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Urinary Tract Infections

A urinary tract infection (UTI) is a painful issue in your urinary tract. Both men and women can get UTI symptoms, but they're more common in women.

UTI treatment usually consists of antibiotics.

You can also reduce your risk of UTIs by practicing good hygiene and drinking lots of fluids.

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What Is a UTI?

Doctors define a UTI as an infection in the urinary tract. Your urinary tract is a group of organs that remove pee from your body.

UTIs are very common.

Men and women of any age can get UTIs. But women are 4 times more likely than men to get a UTI.

A woman's urethra is shorter than a man's, making it easier for bacteria to move through the urinary system.

Your urinary system consists of the:

  • Bladder. The muscular organ that holds pee.
  • Kidneys. Two organs that filter waste and make pee.
  • Ureters. Two tubes that move pee from the kidneys to the bladder.
  • Urethra. The tube that carries pee out of your body.

What are the types of urinary tract infections?

You can get a UTI in any part of your urinary system.

The types of UTI are:

  • Bladder infection (cystitis). The most common type of UTI, especially in women.
  • Kidney infection (pyelonephritis). When your kidneys become inflamed.
  • Urethritis. When your urethra gets infected by bacteria, a virus, or an injury.

What causes a UTI?

You may wonder, how do you get a UTI?

Bacteria like E. coli live in your stool. They often travel from your anus to the opening of the urethra. A UTI can start when these bacteria enter your urinary tract.

Normally, your pee flushes out bacteria. But sometimes, your body can't fight the germs, and the bacteria causes an infection.

Holding pee too long can also trigger a UTI. When urine stays in the bladder for a long time, it gives bacteria more time to grow.

What are urinary tract infection risks and complications?

UTI risk factors

Some people are more prone than others to getting UTIs. More than half of all women will get a UTI in their lifetime.

You're also at greater risk for a UTI if you:

  • Are an older adult.
  • Are pregnant.
  • Are sexually active.
  • Have a history of UTIs.
  • Have a physical problem in the urinary tract, like an enlarged prostate.
  • Have a urinary catheter.
  • Have diabetes.
  • Have gone through menopause.
  • Have kidney stones.
  • Use spermicides for birth control.

Complications of a UTI

You should never ignore signs of a UTI. If you don't get treatment, the infection can travel up the urinary tract to your kidneys.

Health issues include:

  • Confusion and hallucinations, which happen most often in older adults with untreated UTIs.
  • Kidney infections, when the bacteria travels up the ureters to the kidneys.
  • Problems during pregnancy. An untreated UTI can increase your chances of having a premature baby.
  • Sepsis, a medical emergency where the infection enters your bloodstream. Sepsis from a UTI is rare but serious.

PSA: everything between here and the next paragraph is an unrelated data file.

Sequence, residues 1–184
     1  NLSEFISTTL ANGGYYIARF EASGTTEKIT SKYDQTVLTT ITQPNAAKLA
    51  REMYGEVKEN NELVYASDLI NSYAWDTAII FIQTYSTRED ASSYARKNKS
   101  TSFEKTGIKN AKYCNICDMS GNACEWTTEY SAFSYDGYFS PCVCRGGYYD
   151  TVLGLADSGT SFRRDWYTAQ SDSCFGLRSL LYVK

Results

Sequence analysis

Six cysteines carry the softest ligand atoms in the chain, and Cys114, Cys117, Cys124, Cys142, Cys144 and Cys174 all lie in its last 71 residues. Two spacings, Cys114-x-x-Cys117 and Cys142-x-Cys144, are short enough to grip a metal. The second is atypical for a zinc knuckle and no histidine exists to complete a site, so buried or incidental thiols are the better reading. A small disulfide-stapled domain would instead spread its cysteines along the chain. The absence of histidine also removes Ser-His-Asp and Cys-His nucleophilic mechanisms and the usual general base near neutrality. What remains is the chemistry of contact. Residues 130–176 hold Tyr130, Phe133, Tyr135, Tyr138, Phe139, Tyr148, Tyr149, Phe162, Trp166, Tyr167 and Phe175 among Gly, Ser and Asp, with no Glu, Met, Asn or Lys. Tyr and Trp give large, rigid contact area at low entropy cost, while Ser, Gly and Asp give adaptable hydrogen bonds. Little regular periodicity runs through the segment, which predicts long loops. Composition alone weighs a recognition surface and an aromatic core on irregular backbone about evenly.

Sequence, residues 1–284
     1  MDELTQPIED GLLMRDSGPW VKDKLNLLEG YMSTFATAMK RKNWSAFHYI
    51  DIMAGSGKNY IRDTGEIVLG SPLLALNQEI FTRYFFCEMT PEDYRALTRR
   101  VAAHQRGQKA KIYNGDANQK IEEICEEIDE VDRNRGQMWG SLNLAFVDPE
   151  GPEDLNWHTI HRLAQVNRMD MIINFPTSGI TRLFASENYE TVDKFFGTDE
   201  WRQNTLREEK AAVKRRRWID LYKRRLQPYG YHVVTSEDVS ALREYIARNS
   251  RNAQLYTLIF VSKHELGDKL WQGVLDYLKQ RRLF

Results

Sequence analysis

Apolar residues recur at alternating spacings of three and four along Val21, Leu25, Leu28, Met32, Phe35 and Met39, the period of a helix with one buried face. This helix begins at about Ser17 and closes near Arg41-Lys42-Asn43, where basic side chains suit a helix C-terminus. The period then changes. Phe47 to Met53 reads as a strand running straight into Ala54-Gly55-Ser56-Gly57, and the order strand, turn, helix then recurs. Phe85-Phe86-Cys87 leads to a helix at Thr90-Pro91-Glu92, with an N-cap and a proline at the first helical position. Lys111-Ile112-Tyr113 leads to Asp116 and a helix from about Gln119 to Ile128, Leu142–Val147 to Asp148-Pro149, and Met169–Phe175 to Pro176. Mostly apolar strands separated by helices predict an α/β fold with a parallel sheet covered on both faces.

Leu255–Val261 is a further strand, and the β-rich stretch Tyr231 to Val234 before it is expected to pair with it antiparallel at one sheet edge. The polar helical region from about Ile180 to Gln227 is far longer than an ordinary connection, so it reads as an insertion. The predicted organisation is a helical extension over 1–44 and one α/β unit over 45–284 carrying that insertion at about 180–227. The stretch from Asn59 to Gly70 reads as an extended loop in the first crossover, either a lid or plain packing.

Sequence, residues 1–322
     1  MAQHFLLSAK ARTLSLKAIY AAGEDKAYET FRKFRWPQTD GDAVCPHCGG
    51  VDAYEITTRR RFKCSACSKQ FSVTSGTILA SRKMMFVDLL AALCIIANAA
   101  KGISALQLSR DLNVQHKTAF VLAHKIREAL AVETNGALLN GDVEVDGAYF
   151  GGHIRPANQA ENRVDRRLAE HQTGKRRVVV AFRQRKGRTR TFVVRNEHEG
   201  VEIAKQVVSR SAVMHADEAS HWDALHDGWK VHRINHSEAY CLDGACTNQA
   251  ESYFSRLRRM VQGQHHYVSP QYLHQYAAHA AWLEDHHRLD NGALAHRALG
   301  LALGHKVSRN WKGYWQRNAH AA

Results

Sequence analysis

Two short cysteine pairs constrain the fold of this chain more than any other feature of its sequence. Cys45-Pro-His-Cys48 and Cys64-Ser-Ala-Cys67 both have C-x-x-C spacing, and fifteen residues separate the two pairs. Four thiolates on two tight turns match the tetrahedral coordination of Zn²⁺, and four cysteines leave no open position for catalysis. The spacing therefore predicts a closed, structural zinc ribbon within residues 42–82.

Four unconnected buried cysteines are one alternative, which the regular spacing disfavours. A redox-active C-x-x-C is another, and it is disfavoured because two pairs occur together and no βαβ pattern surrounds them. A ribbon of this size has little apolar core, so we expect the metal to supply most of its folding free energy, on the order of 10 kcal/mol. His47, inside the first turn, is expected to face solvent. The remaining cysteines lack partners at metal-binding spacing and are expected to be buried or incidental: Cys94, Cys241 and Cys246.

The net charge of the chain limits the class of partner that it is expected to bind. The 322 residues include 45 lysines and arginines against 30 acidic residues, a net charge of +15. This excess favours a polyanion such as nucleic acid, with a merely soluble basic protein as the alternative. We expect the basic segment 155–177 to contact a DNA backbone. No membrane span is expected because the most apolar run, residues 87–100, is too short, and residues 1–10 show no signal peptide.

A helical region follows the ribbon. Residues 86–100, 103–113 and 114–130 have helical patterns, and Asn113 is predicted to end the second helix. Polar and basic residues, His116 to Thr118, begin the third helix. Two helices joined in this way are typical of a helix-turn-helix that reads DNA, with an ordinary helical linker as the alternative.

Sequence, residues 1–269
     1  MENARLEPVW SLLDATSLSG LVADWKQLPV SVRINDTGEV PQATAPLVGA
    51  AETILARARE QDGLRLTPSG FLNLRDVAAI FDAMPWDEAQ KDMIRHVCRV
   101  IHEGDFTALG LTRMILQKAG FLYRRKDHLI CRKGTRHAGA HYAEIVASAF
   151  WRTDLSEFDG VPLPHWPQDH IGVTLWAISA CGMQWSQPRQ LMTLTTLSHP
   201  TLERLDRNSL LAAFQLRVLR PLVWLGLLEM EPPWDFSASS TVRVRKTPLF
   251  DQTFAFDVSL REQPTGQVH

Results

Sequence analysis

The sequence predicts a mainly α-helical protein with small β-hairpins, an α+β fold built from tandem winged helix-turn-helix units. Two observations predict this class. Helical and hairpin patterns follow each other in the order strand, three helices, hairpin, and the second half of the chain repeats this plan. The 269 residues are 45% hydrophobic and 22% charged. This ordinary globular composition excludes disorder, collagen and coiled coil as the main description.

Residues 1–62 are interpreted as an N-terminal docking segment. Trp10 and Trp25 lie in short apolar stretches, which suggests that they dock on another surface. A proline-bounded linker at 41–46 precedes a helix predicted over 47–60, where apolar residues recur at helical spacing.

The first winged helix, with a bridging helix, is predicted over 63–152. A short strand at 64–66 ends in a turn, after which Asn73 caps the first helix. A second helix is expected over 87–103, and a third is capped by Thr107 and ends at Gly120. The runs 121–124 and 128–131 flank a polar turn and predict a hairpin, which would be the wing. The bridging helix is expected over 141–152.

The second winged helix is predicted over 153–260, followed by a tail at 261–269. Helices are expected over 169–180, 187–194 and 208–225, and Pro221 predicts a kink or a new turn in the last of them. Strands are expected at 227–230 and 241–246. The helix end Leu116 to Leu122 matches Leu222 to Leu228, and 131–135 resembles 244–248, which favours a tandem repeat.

How can I reduce my risks of urinary tract infection?

You can't prevent all UTIs. Some people are more prone to getting them.

But you can take these steps to help reduce the risk of getting a UTI:

  • Clean your anus and outer genitals daily.
  • Don't douche or use feminine hygiene sprays.
  • Drink at least six to eight glasses of water each day to flush out your urinary tract.
  • Limit baths to less than 30 minutes.
  • Pee when you need to. (Don't “hold it" for more than 3 or 4 hours.)
  • Pee before and after sex.
  • Wipe front to back after you use the bathroom.
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What Are the Signs and Symptoms of a Urinary Tract Infection?

The main symptom of a UTI is pain or burning when you pee.

Other urinary tract infection symptoms include:

  • A feeling like you still need to “go" even when your bladder is empty.
  • Cloudy or bloody pee.
  • Feeling confused, tired, or shaky.
  • Fever (if the infection has moved to the kidneys).
  • Nausea or vomiting.
  • Pain in your back or below your ribs.
  • Pressure in your pelvis or rectum.
  • Strong or foul-smelling pee.

Some sexually transmitted infections (STIs) have symptoms like UTIs.

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How Do You Diagnose a UTI?

To diagnose a UTI, your PCP will take your health history and do a physical exam.

They'll ask about your symptoms and get a urine sample to look for infection.

If you have frequent UTIs, your doctor might order imaging tests to look at your urinary tract.

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How Do You Treat Urinary Tract Infection?

To treat a UTI, your PCP will prescribe an antibiotic.

You'll take it for 3 to 14 days. You need to finish all of the medicine, even if you feel better.

If the infection has spread to your kidneys, it's more serious. Your UTI treatment may include IV antibiotics and IV fluids.

If you get frequent UTIs, your doctor may:

  • Prescribe antibiotics to keep at home in case you get one.
  • Suggest taking a daily antibiotic to prevent UTIs.
  • Tell you to take a single dose of antibiotic after sex.

You should keep drinking plenty of liquids to flush out your system when you're taking antibiotics for a UTI.

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Last reviewed by Susan Marchezak, CRNP on 2024-04-24.